Peter Grauer, Chairman of Bloomberg LP (left), in conversation with Samson Ellis, Bloomberg News Taipei Bureau Chief (right), at the Sheu Yuan Dong Foundation & Bloomberg 2017 Corporate Governance Forum in Taiwan
Governance, sustainability and social impact are increasingly front and center of board and corporate leadership activities in Asia and Taiwan can be rightfully proud that it is number one in the region in disclosure on these critical areas.
According to the latest Bloomberg Environment, Social and Governance (ESG) disclosure scores, Taiwan ranks number one in ESG disclosure in Asia, ahead of markets including Australia and Japan. This highlights actions taken by companies from board and owner level down to embed governance and sustainability in their business models and corporate plans – and to disclose those transparently to all stakeholders.
It is also the result of concrete steps taken over the past decade by the Taiwan and Taipei Stock Exchanges and the Financial Supervisory Commission to make listed companies more aware of sustainability issues and to encourage them to report on their Corporate Social Responsibility (CSR) activities. This is happening at a time when Asian financial markets are more interconnected with global markets than ever before and as many Asian and Taiwanese companies take their brands worldwide.
Corporate governance models, long-term risk resilience and the changing role of business are front of mind for Chairmen, Boards and business owners around the world, regardless of their sector or the geography of their operations.
Intense regulatory requirements are driving a massive focus on compliance while technology is rapidly changing how companies do business and interact with their stakeholders in an increasingly interconnected business world. Companies must have the right people on their boards who understand these dynamics and how to assess and manage risks – market risk, operational risk, financial risk and, increasingly, cybersecurity.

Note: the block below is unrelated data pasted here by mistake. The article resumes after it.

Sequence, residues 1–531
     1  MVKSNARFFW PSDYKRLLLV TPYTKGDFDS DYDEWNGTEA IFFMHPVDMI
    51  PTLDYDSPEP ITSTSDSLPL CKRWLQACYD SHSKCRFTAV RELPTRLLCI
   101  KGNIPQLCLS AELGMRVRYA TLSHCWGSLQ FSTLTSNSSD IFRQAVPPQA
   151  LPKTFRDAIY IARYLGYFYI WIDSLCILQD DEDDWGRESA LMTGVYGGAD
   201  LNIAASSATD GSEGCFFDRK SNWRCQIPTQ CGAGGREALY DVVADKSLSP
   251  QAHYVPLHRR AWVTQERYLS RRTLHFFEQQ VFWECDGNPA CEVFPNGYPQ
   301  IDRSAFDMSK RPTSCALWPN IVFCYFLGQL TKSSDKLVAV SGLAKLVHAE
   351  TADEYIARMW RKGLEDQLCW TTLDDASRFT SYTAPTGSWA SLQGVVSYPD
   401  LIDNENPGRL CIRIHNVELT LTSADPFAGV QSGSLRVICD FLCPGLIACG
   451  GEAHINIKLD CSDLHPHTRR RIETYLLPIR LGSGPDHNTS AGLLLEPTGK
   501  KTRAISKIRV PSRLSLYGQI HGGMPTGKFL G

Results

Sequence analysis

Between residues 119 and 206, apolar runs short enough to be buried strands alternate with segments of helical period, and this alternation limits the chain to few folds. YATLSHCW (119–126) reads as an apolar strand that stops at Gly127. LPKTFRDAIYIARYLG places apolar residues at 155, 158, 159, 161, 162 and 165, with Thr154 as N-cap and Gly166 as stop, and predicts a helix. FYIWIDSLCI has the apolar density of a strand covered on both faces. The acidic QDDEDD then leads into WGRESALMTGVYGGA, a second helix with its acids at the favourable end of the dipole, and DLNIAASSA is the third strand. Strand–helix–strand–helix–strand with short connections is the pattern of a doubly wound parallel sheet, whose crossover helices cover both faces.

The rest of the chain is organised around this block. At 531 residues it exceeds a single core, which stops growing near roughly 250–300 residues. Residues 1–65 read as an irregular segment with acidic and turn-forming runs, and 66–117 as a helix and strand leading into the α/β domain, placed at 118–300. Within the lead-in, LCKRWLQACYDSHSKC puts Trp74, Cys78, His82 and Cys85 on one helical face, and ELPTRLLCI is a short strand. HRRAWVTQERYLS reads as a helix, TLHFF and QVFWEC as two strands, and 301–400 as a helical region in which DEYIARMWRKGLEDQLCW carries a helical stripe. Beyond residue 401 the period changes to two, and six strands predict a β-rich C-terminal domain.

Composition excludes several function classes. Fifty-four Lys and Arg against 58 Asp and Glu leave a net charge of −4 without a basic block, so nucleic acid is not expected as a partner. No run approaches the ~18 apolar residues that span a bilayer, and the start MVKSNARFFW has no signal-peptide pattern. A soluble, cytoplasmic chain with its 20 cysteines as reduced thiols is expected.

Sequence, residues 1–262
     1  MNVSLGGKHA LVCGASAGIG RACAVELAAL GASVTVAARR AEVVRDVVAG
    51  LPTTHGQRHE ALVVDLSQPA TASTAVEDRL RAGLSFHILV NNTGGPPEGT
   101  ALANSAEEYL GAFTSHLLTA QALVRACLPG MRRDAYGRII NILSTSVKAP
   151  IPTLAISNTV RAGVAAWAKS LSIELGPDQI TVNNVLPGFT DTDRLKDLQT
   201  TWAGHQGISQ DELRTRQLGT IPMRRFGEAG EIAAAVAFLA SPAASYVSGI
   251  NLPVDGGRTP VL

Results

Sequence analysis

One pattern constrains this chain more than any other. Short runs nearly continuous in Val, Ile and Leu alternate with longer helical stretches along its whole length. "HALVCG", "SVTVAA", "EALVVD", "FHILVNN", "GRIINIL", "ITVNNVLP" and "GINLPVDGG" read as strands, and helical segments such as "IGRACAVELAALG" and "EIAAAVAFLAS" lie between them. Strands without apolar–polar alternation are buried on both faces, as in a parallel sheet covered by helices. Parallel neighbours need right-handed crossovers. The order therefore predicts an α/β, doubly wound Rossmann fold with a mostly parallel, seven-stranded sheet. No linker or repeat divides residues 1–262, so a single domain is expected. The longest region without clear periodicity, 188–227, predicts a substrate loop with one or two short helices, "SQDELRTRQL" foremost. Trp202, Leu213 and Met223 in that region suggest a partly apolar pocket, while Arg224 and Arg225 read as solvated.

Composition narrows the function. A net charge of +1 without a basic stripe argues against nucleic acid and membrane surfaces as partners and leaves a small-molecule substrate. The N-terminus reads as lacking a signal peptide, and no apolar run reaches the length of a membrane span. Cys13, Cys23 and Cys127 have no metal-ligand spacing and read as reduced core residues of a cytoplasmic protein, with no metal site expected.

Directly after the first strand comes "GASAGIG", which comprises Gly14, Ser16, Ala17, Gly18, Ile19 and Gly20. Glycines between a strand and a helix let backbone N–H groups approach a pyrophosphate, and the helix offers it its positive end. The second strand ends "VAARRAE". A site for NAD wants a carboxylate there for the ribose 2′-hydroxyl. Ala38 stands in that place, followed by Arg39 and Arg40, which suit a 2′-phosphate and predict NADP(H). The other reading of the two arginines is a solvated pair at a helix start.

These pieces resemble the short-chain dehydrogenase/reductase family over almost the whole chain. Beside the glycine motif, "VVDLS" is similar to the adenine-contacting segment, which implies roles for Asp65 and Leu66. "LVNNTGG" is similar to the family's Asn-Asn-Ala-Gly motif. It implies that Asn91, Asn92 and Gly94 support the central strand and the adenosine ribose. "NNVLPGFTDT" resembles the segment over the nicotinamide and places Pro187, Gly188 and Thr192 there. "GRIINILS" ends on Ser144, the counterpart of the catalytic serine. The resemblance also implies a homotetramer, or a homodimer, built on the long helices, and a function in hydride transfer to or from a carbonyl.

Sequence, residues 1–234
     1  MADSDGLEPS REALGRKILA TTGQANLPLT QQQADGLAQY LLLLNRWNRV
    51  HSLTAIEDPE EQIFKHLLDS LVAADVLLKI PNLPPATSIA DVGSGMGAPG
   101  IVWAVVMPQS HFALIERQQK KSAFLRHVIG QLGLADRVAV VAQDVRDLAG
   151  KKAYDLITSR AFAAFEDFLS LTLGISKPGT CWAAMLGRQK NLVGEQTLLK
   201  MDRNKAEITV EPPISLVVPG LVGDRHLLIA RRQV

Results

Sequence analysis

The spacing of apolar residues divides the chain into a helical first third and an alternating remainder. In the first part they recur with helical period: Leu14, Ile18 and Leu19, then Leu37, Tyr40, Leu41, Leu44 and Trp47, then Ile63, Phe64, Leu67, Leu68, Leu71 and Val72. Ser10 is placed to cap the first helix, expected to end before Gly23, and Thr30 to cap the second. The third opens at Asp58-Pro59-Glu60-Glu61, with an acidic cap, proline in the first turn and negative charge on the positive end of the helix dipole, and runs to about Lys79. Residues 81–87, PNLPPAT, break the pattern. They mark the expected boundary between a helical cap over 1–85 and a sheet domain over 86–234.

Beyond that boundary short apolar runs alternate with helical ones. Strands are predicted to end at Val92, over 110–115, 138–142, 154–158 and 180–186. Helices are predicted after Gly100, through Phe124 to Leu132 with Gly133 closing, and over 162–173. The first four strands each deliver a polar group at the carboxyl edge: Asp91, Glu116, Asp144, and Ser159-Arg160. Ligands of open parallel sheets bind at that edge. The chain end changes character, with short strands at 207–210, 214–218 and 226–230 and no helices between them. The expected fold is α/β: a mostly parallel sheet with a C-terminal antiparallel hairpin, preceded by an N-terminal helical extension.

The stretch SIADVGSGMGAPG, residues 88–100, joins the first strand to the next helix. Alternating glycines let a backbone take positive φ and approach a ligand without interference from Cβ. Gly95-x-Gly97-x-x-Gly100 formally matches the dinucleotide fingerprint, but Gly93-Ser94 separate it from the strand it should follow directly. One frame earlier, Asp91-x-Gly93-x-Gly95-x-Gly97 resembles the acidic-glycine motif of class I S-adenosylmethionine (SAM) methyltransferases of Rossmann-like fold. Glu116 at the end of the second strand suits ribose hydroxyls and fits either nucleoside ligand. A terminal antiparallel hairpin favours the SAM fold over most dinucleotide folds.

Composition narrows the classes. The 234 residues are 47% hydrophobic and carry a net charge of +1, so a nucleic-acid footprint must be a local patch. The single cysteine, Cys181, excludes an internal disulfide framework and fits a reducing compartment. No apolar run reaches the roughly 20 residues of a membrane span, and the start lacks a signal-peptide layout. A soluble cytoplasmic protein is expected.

Board composition has become a critical factor within this dynamic business environment. Surveys show conclusively that companies with greater leadership diversity end up achieving better overall results. Having a board and leadership team with a broad range of backgrounds, from gender to geography, ethnicity, expertise and professional background is now a business imperative.
Consumers, too, increasingly care about how companies conduct themselves and are acting with their wallets to pay more for products that are being produced responsibly by companies that deliver and promote a positive record on governance, diversity and sustainability. Of the world’s largest 250 companies, 92 per cent now report in some way on their social and environmental impact. The EU recently introduced a rule mandating companies to include sustainability and impact factors in their financial reporting.
Consumer focus on the reputation of companies for governance and sustainability is driving companies to engage with a more diverse set of stakeholders, in part driven by a media landscape that includes faster-paced coverage and social media that gives consumers new platforms to express their voice and wield influence over how companies operate and behave.
This is especially relevant in Taiwan, which serves as a technology hub for the region and the rest of the world. Often, complex supply chains and partner relationships encourage and necessitate Taiwan companies to take a multi-stakeholder approach in communicating good practices around sustainability, governance and other impacts, listening carefully to understand stakeholder expectations and then shaping their business practices to meet those expectations.
In fact, beyond consumers, investors and financial institutions are carefully scrutinising companies to ensure they are walking the talk on sustainability, social and governance programs. A growing number of investors are evaluating investment opportunities on this basis, with recent Bloomberg data showing that assets under management related to sustainable investing reached US$ 21.4 trillion.
Taiwan and Taiwanese companies have taken a leadership stance on governance, sustainability and social impact actions and reporting. Regulators and companies are furthering those efforts. Ensuring that boards and leadership teams are diverse, transparent, strong risk managers and highly engaged with a wide range of stakeholders will deliver continued progress.
Peter Grauer is Chairman of Bloomberg LP